The Flaws of Ecommerce Subscriptions and Loyalty Programs

– Brands like ecommerce subscriptions and loyalty programs for repeat revenue, protection of margin, and auto-pilot retention.
– Consumers like these programs for the bigger discounts on items they were already planning to buy.
– However, the author believes that these programs are often gimmicky and focus too much on price, leading to high cancellation rates and a lack of connection with the brand.Reevaluate the implementation of ecommerce subscriptions and loyalty programs to ensure they provide value beyond just discounts and cater to a wider audience, rather than solely focusing on existing high-spending customers.E-commerce subscriptions and loyalty programs. Let’s talk about them. Why brands like them:
1. Repeat revenue
2. People forget to cancel them
3. Protection of margin
4. Auto-pilot retention

Why consumers like them:
1. Bigger discount on stuff they were already going to buy

Things don’t seem to add up here. What seems like something that could potentially be a win-win is really just a more predictable revenue cash grab on one side and discount-seeking behavior on the other. I’ve been anti-subscription for a while because I don’t see it as something that’s pro-consumer. With most implementations, it always comes off as a bit gimmicky. The value is tied up entirely in the price (some might say otherwise, but price is really the main advantage). When you tie value up into price alone and also offer sales and constant discounts (99% of brands), it skews things a bit.

There is a consensus that you shouldn’t lead with a subscription, but you should offer one based on behavior. But that’s not the way things work in practice. Instead, people offer the subscription, they sign up for the lower price on the goods, and then they cancel the subscription. The first purchase to second purchase has a massive cancellation rate. So when you anchor a behavior or price rather than something more, it becomes a catch-22.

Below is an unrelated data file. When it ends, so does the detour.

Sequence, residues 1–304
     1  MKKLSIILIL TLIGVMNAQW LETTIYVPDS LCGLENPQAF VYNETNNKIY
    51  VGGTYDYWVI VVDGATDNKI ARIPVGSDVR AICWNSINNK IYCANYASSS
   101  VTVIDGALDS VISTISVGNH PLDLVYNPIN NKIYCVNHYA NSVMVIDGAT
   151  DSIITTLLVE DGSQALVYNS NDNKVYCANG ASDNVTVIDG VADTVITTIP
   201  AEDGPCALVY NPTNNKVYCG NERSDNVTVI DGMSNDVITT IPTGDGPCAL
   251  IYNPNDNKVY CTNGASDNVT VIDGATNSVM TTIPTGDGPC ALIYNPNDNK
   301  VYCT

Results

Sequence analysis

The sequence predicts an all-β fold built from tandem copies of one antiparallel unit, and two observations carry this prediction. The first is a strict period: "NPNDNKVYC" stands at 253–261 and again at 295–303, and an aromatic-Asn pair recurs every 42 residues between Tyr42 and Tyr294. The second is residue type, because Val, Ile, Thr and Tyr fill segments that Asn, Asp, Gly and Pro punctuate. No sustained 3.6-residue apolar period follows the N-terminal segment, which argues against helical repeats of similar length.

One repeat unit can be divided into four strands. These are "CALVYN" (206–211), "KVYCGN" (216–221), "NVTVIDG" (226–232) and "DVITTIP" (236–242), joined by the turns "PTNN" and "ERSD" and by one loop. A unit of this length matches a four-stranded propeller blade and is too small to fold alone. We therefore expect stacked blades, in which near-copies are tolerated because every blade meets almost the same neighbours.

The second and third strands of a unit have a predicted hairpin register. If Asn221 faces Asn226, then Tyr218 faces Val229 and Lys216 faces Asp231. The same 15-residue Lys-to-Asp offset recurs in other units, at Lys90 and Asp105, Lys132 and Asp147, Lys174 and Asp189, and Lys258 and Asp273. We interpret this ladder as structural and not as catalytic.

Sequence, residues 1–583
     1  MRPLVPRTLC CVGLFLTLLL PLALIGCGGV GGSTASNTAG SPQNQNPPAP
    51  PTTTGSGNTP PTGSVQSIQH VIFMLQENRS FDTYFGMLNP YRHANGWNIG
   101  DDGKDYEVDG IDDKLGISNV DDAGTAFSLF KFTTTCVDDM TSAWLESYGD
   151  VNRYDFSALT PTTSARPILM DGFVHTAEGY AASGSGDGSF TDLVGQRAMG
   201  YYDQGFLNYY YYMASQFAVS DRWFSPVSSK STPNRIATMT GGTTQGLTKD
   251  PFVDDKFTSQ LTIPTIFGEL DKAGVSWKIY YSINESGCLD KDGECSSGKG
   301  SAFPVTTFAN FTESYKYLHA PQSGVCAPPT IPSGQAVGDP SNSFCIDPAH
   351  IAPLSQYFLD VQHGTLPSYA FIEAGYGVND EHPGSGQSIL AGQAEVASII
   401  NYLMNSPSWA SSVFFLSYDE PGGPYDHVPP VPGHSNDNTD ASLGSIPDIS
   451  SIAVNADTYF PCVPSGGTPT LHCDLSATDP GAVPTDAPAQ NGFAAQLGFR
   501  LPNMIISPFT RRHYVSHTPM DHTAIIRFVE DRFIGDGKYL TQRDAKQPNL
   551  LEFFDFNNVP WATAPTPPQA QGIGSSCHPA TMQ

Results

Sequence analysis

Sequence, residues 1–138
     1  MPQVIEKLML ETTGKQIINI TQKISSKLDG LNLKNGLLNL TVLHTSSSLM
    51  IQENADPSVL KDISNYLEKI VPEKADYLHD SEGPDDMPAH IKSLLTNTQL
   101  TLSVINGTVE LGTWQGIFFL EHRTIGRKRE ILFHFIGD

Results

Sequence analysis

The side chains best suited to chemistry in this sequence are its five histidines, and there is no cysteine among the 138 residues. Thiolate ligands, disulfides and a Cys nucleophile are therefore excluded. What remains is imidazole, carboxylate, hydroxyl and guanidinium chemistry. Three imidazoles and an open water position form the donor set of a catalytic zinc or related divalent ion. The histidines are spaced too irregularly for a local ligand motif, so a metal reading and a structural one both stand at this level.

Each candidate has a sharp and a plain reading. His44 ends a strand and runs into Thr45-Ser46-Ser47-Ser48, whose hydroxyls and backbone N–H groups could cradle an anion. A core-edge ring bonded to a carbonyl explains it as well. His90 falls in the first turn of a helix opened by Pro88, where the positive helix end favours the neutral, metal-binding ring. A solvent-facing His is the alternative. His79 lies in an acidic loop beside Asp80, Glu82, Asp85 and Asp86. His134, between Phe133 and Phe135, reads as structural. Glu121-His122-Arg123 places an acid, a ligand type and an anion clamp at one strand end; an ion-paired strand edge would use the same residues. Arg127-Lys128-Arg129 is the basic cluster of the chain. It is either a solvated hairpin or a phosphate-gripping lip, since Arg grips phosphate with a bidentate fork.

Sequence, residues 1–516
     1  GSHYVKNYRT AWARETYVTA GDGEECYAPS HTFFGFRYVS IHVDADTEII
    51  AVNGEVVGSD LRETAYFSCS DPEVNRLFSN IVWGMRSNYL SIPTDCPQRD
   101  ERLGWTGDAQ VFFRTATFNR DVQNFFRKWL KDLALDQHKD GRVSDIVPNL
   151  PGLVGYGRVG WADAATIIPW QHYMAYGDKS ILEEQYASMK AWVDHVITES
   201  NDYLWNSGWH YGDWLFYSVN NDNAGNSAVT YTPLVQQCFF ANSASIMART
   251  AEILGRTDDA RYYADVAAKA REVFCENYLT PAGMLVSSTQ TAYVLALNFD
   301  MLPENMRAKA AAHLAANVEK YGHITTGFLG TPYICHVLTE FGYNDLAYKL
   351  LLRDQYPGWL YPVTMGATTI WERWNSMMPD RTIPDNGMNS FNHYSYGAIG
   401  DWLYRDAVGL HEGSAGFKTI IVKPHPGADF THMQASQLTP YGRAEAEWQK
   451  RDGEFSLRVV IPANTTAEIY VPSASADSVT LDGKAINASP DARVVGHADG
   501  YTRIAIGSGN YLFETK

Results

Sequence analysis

It’s become clear with the amount of retention fanatics I see on LinkedIn that most people don’t fully understand unit economics over the long haul. We’ve run the math too, and a 7% increase in retention with a discount is more profitable than not having that increase. But a lot of those that subscribe aren’t going to be part of that increase. Brands are still making the cardinal mistake of investing capital allocation 1-1 instead of 1-many and driving people to a website or not in the case of a subscription, and removing them from having to take any value in your website. Ouch, so more revenue that’s predictable but less connection with the elements of the brand.

What seems like a really great idea instead relies only on a few things that just aren’t going to be the case:
1. That someone will stay subscribed forever
2. That someone needs all the stuff you’re sending them

To me this is flawed logic.This works for marketplaces, but most brands aren’t a marketplace.Subscription boxes don’t really hold the power they once did, but hey, let’s reboot this with more loyalty programs with at best discounts and access to new products. Unless there is a secondary market for the goods the value of these programs only apply to people that are already planning on spending a lot of money with your brand. You’re catering to your already great clients and just eating margin. #marketing #ecommerce #strategy

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